Da Vinci fans also should allow time for a visit to the National Museum of Science and Technology, which has a fascinating collection of 130 historic models based on interpretations of Da Vinci’s drawings. The museum is open from Tuesday to Saturday and is accessible by public transport. The museum has also teamed up with IBM to create an app for iPhone and iPad called LeonardoAround, which takes you on a tour of museums and galleries where Da Vinci’s works are on display.
If you only have time for one monument in Milan, visit the Duomo, Milan’s cathedral. Construction started in 1386, and the structure is built entirely of stunning Candoglia marble. Entry is free, and the cathedral is open daily from 7 a.m. to 7 p.m., but times are subject to change to accommodate religious services.
For a celebration of more modern design, visit the Triennale Design Museum, which showcases the best of Italian industrial design. The museum is open from Tuesday to Sunday, with evening hours on Thursday. Check the museum website for the latest touring exhibitions and events.
Milan is not famous for canals, but the city has an extensive network of navigli, ancient inland canals, dating back to the 15th century. If you’re in Milan over the weekend, book a tour of the canal district. It lasts an hour and costs €12 per person.
And if your canal tour gives you a taste for more water-based activities, head to the amazing QC Termemilano thermal spring spa for an afternoon, evening or even all-day relaxing retreat. Fees range from €32 to €80, with additional charges for optional treatments.
Combine shopping with splendid 19th century architecture at the Galleria Vittorio Emanuele II. This spectacular glass-topped arcade is a great venue to eat, drink, people-watch and shop. Get to the Galleria by public transport using the metro: lines 1 and 3, the Duomo stop.
La Scala opera house dates back to the 18th century and is a popular attraction for both visitors and residents, who enjoy both its performances and its museum. Many performances La Scalathis season are dedicated to celebrations of the bicentenary of Richard Wagner and Giuseppe Verdi. Check the calendar and book your tickets online.
Where to eat
It’s possible to have lunch at a Milanese café and still get change from €5. Visit Luini, in the Duomo district, where the family owners have been serving up panzerotti (filled pasties) since 1949. You’ll probably have to stand in line, and your lunch will be served in a paper bag. But a visit to Luini is must if you are in the area. It’s at 6 Via Santa Radegonda, 20121 Milan, Ph: +39 02 86461917.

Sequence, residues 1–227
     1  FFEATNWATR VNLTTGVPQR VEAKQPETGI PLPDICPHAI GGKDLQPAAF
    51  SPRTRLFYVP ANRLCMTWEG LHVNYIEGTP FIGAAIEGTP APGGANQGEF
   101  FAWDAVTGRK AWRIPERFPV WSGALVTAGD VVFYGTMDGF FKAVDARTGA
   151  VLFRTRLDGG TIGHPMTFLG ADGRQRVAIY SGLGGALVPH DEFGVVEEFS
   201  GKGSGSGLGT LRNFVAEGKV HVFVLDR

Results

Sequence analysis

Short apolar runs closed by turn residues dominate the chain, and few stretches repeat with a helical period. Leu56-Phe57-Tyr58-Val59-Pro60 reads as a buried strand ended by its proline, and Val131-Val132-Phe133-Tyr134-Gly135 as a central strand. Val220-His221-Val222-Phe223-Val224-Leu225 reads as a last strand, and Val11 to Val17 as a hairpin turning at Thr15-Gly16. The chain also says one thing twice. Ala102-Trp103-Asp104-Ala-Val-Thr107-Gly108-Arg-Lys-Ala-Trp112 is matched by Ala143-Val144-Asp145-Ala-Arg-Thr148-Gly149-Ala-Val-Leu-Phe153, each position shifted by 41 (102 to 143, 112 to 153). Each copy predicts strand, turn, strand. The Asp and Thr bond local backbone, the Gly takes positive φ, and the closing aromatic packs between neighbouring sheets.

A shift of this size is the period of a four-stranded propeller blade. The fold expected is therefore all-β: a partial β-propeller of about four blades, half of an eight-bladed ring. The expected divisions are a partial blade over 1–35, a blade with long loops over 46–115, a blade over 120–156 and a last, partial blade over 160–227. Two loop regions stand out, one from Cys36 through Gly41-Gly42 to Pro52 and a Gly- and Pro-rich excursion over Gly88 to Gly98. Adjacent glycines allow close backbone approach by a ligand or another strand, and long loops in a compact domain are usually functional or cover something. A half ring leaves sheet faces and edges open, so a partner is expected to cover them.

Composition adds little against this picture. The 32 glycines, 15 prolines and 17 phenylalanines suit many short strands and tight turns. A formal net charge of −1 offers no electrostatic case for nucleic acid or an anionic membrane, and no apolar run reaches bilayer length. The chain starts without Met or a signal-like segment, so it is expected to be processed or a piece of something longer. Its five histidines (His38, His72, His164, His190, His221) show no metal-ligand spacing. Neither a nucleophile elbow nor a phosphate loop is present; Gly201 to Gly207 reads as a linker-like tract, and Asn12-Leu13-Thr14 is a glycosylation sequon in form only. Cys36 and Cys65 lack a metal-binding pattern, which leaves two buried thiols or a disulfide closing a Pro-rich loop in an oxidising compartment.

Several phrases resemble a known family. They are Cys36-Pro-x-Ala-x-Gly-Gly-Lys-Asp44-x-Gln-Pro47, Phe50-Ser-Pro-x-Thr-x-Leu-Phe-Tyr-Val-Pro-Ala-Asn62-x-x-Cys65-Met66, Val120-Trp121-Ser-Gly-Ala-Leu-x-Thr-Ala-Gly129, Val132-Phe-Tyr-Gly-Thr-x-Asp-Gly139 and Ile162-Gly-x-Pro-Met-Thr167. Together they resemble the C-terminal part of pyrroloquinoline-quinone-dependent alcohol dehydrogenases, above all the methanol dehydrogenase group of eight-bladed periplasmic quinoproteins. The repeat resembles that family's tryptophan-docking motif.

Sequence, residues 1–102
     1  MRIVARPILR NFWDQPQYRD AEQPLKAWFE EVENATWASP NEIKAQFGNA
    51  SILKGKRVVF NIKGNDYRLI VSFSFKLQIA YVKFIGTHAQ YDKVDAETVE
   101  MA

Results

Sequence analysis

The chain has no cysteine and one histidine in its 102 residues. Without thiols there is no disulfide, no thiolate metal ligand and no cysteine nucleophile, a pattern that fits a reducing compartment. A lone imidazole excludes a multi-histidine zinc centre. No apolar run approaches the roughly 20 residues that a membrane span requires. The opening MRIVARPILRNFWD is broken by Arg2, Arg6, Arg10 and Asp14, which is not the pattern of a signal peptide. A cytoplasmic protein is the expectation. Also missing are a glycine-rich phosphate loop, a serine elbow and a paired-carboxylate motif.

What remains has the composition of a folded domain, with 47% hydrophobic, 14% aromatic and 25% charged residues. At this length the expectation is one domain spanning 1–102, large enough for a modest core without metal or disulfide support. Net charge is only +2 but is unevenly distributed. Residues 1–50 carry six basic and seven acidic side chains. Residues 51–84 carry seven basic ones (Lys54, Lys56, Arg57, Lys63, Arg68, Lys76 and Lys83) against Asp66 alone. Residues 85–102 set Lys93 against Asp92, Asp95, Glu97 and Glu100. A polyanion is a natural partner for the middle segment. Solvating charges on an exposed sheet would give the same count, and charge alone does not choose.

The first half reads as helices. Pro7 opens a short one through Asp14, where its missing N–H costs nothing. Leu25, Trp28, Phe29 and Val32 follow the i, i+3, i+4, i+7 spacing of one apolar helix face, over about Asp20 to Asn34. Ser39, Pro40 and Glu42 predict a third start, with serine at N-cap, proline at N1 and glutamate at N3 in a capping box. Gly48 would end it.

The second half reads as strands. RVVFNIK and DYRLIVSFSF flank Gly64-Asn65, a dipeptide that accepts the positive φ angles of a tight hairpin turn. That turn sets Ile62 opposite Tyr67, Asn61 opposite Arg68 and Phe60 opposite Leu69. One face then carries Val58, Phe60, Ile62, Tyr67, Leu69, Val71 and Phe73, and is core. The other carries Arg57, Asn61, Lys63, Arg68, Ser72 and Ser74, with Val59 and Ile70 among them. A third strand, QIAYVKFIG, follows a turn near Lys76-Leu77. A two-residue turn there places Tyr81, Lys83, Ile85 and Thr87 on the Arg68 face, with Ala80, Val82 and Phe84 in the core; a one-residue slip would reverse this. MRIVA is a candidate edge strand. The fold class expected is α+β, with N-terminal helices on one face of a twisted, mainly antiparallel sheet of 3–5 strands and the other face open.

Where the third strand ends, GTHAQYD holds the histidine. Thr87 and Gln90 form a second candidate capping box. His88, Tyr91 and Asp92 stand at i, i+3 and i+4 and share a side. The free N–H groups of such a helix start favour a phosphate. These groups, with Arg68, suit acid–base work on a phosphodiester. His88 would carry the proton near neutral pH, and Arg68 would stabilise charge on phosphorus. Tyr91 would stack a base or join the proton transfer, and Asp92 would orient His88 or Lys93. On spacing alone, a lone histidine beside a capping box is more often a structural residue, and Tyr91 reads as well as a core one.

If you prefer to have lunch served on a plate then try Obiká. The speciality: mozzarella cheeses. Order a variety plate and try them all, or make up your own dish with a range of accompaniments. Whatever you choose, you’re guaranteed to enjoy the view, as the restaurant is located on the sixth floor just opposite the spires of the Duomo. You’ll find Obika at 1 Via Santa Radegonda, angolo Piazza Duomo, 20121 Milan, Ph: +39 02 8852453
When the working day is done, head out for happy hour, which is a ritual in most Milan bars. Go for drinks at the Diana Garden, located in the Sheraton Diana Majestic Hotel (Viale Piave, 42, Milan 20129, Ph: +39 02 20581) or the Bamboo Bar in the super-stylish Armani Hotel on Via Manzoni 31, 20147 Milan, Ph: +39 02 8883 8888.
When it’s dinnertime, you’ll want to try traditional Milanese dishes like cotoletta a orecchio di elefant, literally translated as elephant’s ear. You’ll be relieved that the name has nothing to do with the substance of the dish, which is a thin slice of breaded veal cutlet. Try it at Al Garghet, a 10-kilometer drive (or taxi ride) south of the city center. You’ll be rewarded with a lovely farmhouse setting and rustic ambiance. Reservations are recommended, Via Selvanesco, 36, 20142 Milan, Ph: +39 02 534698.
GalleriaTo sample Milanese favorites in a sophisticated city setting, go to Trattoria Arlati. Dating back to 1936, the restaurant has a loyal customer base, and reservations are highly recommended. It’s at Via Alberto Nota 47, Milan, Ph: +39 026433327.
For a non-traditional menu, check out Finger’s Japanese-Brazilian food fusion. It’s a trendy and slick restaurant on Via San Gerolamo Emiliani 2, 20135 Milan, Ph: +39 02 5412267.
If you’re looking for after-dinner spots, try Just Cavalli Café at Via Luigi Cameons, 201210, Milan, Ph: +39 02 311817 or Gattopardo, at Via Piero delle Francesca 47, 20154 Milan, Ph: +39 02 34537699, both popular with the late-night crowd.